A survey of 1,600 chief information security officers found that more than two-thirds of them (68%) expect a “physical cyberattack” on their organizations in the next 12 months.

The survey, which forms the basis of the annual “Voice of the CISO report” by Proofpoint, an enterprise security company, showed a clear shift among security chiefs in attitudes toward future threats to their organizations. Just 12 months ago, less than half of CISOs (48%) saw a cyber attack on their horizon.

This apparent change suggests that security professionals see the threat landscape as heating up once again, the report noted, and they have readjusted their concern levels to match.

“As we emerged from the pandemic, security leaders realized they were able to implement more long-term controls to protect their work environment, so there was a sense of peace,” said Lucia Milica Stacey, Global Resident CISO at Proofpoint.

“However, as the volume of attacks continues to rise, along with geopolitical tensions and global economic uncertainty, a lot of the optimism is gone,” he told TechNewsWorld.

reasons for pessimism

According to security experts, several factors may be contributing to CISOs’ concerns about rising cyber attacks.

“New vectors of attack continue to emerge – software supply chain compromise, third party and SaaS systems involving APIs, AI-related security risks – each requiring new defensive strategies and skills,” said Carl Mattson, CISO of Nonum Security , a provider in Palo Alto, Calif., of a cloud-native API security platform.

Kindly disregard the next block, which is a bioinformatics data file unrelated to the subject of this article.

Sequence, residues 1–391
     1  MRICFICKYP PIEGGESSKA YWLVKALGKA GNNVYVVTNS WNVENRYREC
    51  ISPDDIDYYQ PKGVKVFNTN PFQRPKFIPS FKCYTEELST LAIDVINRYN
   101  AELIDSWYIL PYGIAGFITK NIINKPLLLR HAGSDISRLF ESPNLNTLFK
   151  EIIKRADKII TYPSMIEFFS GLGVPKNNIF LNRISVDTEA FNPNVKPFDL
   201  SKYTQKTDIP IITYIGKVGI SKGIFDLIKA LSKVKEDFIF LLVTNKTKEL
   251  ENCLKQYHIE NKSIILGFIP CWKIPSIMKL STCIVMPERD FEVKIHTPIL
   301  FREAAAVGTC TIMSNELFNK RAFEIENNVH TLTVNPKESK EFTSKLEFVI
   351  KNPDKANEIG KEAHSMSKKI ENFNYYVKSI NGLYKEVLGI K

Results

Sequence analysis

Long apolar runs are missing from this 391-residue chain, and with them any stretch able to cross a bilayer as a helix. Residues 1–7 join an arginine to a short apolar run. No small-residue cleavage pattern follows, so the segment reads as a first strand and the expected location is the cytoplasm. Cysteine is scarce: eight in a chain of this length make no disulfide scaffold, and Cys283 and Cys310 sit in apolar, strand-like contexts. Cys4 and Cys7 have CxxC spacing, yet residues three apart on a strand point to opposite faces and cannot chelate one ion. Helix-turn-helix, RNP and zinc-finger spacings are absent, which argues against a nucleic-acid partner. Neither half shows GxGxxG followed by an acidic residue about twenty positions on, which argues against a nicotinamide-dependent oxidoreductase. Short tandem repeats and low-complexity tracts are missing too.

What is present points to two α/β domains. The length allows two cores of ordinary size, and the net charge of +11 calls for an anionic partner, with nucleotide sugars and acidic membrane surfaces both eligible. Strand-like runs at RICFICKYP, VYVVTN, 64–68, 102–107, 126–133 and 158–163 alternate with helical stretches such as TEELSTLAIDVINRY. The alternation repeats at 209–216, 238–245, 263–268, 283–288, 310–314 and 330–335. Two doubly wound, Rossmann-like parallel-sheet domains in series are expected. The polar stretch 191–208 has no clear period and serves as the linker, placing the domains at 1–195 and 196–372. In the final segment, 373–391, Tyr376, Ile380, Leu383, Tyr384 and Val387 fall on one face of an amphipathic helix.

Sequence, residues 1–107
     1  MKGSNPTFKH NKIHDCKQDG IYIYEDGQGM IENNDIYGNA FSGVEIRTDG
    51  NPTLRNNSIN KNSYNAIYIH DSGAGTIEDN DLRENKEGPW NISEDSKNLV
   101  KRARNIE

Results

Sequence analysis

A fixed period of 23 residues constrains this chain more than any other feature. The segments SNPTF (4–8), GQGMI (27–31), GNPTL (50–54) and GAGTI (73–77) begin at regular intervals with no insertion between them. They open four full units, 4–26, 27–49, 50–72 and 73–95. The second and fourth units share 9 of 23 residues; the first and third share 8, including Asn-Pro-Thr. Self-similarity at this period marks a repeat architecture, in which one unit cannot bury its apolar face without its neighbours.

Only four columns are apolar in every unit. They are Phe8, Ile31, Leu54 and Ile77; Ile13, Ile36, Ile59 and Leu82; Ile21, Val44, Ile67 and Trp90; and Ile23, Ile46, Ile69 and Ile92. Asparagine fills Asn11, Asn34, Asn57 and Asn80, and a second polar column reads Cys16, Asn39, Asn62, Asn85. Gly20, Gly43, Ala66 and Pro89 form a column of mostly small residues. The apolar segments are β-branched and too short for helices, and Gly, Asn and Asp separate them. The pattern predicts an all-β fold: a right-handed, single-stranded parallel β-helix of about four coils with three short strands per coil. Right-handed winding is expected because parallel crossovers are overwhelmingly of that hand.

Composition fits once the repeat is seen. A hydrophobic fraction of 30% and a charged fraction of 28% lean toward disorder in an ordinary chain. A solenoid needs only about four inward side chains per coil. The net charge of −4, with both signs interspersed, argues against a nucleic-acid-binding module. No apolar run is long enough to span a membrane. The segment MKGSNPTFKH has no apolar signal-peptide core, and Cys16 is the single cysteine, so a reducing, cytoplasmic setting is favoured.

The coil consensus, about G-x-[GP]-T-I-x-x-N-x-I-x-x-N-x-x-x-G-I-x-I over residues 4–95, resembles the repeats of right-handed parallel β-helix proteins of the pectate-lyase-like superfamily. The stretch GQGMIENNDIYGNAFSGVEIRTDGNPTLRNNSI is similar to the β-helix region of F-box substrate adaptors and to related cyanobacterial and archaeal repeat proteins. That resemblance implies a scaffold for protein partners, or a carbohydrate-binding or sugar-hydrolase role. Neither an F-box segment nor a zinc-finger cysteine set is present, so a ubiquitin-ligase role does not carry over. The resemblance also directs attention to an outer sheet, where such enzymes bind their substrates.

“Meanwhile, traditional threats like ransomware or web application attacks are never going away,” he told TechNewsWorld. “With security budgets and staffing levels remaining largely flat, the stage is set for greater risk exposure this coming year.”

The proliferation of endpoints in the enterprise also gives CISOs increased cause for alarm.

Darren Guccione, CEO of Keeper Security, a password management and online storage company, said, “IT leaders are finding it increasingly difficult to gain comprehensive visibility, security, compliance and control to protect every employee, on every device, from every location. ” in Chicago.

“The expanding attack surface specifically related to cyberattacks is on the rise and IT security teams are competing for talent as macroeconomic conditions tighten budgets,” he told TechNewsWorld.

Adoption of the model as a service by threat actors increases the likelihood of an organization being attacked over the next 12 months. “Phishing as a service and ransomware as a service enable a significant increase in the number and scale of cyber attacks,” explained Avishai Avivi, CISO of SafeBreach in Tel Aviv. , Israel.

“At that point, it becomes a statistical reality,” he told TechNewsWorld. “The more attacks, the more likely an attack is to succeed.”

insider threat to data

Proofpoint also reported that CISOs believe employee turnover poses a risk to data security. More than eight out of 10 security chiefs (82%) told researchers that employees leaving their organization contributed to a data loss incident.

“Resource constraints and large staff turnover are likely underlying reasons for the high percentage of CISOs concerned about the loss of sensitive data due to employee turnover,” Stacey said.

The report said the two sectors most affected by turnover were retail (90 per cent) and IT, technology and telecommunications (88 per cent).

These trends leave security teams with a nearly impossible challenge, it continued. When people are gone, it’s hard to stop them from taking data.